Our body doesn’t store many carbohydrates.  In fact, you only have something like 100 grams of them in your liver and 300 grams of them in your muscles whenever your carbohydrate stores are full.

If you exercise for a while, you’re going to deplete a lot of those carbohydrate stores.  In addition to that, when you resistance train you create small levels of “micro-trauma” in the muscle fibers themselves.  As a result of those two facts, at the end of your workout you’re somewhat carbohydrate depleted, and you have some muscle fibers that need repair.  You need to eat carbohydrates and protein to fix these two problems.

The main issue with the carb depletion is that your body needs carbs.  If your body has to choose between having carbohydrates for brain function or having extra muscle to be able to bench an extra ten pounds, it will always choose carbs for brain function.  This also means that if you only eat protein after your workout, then your body is going to convert the protein into carbohydrate because it needs carbs more.  The most intelligent way to approach this is to just eat the carbs so your body doesn’t have to waste time and energy converting the protein into carbs.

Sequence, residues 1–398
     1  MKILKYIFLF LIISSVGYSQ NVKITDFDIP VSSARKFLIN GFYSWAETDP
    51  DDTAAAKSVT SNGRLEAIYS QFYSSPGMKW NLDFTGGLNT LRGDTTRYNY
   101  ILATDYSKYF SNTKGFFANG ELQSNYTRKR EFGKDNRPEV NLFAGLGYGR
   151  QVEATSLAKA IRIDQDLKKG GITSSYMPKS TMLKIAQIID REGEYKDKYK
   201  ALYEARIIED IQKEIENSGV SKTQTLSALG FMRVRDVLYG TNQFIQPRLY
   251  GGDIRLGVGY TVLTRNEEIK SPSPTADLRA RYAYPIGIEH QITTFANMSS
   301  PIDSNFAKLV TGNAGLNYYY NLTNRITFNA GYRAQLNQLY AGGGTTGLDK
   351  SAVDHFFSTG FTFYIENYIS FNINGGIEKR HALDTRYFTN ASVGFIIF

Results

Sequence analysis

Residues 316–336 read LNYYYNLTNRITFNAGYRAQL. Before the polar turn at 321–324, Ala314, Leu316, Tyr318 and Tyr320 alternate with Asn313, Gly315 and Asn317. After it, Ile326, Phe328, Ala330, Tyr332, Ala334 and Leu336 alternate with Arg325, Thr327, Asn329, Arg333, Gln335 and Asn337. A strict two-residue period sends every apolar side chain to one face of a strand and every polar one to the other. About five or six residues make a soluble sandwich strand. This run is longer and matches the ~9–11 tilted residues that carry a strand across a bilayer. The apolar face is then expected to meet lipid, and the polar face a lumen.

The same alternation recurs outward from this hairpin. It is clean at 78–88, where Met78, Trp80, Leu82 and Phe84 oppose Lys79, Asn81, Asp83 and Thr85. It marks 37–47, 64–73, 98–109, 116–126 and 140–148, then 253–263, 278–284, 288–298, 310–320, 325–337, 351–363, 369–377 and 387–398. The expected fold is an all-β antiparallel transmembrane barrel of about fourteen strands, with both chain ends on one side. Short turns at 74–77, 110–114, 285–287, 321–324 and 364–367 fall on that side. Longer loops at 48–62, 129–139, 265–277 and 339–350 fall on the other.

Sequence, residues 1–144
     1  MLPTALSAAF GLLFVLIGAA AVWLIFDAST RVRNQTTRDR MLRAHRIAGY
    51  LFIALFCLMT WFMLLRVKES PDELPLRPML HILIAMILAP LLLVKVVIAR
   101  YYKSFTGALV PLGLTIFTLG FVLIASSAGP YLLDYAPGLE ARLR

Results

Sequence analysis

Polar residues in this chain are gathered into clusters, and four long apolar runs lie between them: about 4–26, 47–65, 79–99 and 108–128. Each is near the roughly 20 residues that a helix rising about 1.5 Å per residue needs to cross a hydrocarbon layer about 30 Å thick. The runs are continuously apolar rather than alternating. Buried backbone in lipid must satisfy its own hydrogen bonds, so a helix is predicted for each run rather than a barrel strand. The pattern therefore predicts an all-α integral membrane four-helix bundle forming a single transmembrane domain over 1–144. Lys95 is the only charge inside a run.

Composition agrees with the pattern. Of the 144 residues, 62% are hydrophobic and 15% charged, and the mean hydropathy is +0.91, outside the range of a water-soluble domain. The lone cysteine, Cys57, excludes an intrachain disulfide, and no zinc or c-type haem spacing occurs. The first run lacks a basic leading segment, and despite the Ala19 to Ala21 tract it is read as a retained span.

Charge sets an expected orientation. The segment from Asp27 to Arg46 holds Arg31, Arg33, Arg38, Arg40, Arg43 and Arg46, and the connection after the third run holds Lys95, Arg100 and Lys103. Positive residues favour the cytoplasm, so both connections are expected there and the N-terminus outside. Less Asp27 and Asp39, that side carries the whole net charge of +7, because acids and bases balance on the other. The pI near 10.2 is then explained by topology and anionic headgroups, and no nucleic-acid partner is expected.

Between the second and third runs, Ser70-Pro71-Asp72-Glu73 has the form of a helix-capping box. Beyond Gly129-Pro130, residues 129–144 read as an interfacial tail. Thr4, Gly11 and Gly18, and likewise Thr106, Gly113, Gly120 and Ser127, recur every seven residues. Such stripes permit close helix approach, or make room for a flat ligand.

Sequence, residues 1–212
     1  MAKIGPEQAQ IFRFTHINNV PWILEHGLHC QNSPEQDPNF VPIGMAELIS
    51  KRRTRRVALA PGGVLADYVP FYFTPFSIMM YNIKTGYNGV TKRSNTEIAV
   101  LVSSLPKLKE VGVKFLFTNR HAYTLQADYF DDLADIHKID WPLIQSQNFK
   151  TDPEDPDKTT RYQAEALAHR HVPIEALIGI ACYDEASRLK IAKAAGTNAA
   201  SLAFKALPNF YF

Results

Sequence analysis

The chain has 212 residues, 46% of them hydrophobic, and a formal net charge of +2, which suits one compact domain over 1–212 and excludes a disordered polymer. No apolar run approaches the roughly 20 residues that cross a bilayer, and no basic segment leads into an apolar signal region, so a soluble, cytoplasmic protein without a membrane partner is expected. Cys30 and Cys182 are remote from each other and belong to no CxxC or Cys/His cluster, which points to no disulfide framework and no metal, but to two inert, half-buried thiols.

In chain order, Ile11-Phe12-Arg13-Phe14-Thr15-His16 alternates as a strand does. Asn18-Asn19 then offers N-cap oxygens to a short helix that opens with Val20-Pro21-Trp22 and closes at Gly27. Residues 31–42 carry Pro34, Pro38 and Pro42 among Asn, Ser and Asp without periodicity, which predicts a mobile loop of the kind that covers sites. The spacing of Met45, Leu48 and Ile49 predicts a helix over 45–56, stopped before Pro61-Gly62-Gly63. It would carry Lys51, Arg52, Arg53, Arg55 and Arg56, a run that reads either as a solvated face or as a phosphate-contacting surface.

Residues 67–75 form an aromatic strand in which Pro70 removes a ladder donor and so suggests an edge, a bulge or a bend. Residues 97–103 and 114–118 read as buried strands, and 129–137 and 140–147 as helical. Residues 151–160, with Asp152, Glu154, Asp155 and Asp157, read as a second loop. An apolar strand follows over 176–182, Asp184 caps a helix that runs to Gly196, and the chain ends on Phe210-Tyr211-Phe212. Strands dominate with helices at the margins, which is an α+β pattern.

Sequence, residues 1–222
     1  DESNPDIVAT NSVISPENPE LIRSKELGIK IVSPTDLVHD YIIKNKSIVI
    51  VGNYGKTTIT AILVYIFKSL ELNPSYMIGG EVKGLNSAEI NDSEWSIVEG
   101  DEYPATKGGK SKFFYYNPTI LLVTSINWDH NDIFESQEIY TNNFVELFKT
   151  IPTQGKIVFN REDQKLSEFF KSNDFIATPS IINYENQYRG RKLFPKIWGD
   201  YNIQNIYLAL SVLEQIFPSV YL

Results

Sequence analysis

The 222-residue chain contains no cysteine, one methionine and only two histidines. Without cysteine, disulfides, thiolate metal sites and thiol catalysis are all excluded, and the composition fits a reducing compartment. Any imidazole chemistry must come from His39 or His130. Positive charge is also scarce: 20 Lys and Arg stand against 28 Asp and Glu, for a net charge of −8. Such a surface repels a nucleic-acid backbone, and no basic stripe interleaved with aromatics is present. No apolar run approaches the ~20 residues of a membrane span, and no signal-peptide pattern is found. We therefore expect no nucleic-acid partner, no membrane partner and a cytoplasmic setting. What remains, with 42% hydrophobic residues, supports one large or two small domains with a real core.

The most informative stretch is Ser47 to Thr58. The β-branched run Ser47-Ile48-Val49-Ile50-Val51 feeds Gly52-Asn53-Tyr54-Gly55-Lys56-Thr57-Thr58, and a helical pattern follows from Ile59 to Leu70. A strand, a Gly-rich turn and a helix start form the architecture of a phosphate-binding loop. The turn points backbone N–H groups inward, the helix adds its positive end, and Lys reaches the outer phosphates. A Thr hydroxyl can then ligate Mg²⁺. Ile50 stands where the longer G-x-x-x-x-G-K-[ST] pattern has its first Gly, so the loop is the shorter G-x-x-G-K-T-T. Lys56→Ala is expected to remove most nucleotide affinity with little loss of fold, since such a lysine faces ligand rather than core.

Once you have your carbs in and your body is happily re-filling its carbohydrate stores, then you can focus on repairing the damaged muscle fibers by eating protein.  In fact, research has shown that around a 3:1 carb to protein ratio is the best for your post-workout meal.  If you’re going to take your 25 grams of protein (what’s in most whey protein powder servings), then you should be getting in around 75 grams of carbohydrate.

Also, as a fun sidenote, chocolate milk has been shown to be just as effective for post-workout recovery as any brand-name recovery drink or powder.  It’s a lot cheaper, too.  🙂